Bully is a word that has taken a beating in recent times. Look for its derivative bullying on the Internet and you’ll find a government-sponsored website called stopbullying.gov. The site explains that bullying is “unwanted, aggressive behavior among school aged children that involves a real or perceived power imbalance.”
The site includes recommendations on how to respond to bullying, and how to prevent it in the first place. As it should be.
But a century ago, and more, bully had another quite different meaning. The Historical Dictionary of American Slang shows the noun bully meaning “a good fellow, comrade” going as far back as the 1600s, and the adjective “bully” meaning “very fine, splendid, excellent” going back equally far. “Emerson called upon me immediately,” wrote Walt Whitman in 1860. “Gave me a bully dinner.”
So it is not entirely surprising that a little over a century ago there was an outspoken presidential candidate whose favorite word of approbation was bully. Theodore Roosevelt, of course.
Here’s an example, from Recollections of Thirteen Presidents, by John S. Wise:
President Roosevelt “invited me to go with him to his office and examine some new German rifles. On arriving there we found some very obsequious Germans who, after profound bows, showed their weapons. The President was much pleased with the mechanism of the guns and, seizing one, worked it, threw it up to his shoulder, pointed it out of the window, clicked it, tested it, and finally, with the enthusiasm of a boy, passed it over to me for examination, exclaiming, ‘By George! Look at it! Ain’t that bully?’ I wondered whether the Germans had ever heard their Kaiser talking about bully things.”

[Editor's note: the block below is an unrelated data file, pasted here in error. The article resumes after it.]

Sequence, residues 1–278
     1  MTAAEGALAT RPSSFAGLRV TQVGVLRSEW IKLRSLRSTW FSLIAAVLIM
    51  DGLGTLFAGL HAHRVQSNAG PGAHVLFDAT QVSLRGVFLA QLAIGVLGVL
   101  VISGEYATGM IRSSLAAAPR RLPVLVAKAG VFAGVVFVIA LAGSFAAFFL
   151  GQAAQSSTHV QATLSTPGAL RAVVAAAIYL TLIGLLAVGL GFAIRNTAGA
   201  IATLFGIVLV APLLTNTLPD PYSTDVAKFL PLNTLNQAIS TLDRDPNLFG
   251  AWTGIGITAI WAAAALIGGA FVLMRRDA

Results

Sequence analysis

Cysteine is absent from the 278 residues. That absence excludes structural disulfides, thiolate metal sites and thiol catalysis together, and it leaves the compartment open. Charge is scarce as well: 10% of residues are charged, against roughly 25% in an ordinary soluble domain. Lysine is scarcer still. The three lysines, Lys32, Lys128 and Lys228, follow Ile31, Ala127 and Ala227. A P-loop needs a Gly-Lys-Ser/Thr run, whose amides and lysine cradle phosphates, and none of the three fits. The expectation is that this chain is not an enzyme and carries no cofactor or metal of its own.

And though Teddy didn’t invent this meaning of bully, he did invent the bully pulpit. Here’s the story of how that came about, according to a contemporary account by Lyman Abbott in 1909:
“Half a dozen of us were with the President in his library. He was sitting at his desk reading to us his forthcoming Message. He had just finished a paragraph of distinctly ethical character, when he suddenly stopped, swung round in his swivel chair, and said; ‘I suppose my critics will call that preaching, but I have got such a bully pulpit!’”
In other words, he had noticed that by virtue of being president (or even a presidential candidate), anything he chose to say would be listened to.
(You can find more about Teddy Roosevelt’s brilliant use of the bully pulpit in my 2004 book, Presidential Voices.)
That brings us to last week. The presidential candidate Hillary Clinton combined the old and new meanings of bully in a speech to the Service Employees International Union:
“We need a president who will use the bully pulpit to stand up for working families. But the last thing we need is a bully in the pulpit.”
Donald Trump (like Hillary) has indeed found that the current presidential campaign offers him a bully pulpit. And remarks indeed often fit the definition of “unwanted, aggressive behavior.”
But that leaves us with the question: If bullying is so universally condemned nowadays, and if the Donald practices it so often in his campaign, why has his bullying been so successful?
I’ll leave that answer to the psychologists and politicians.
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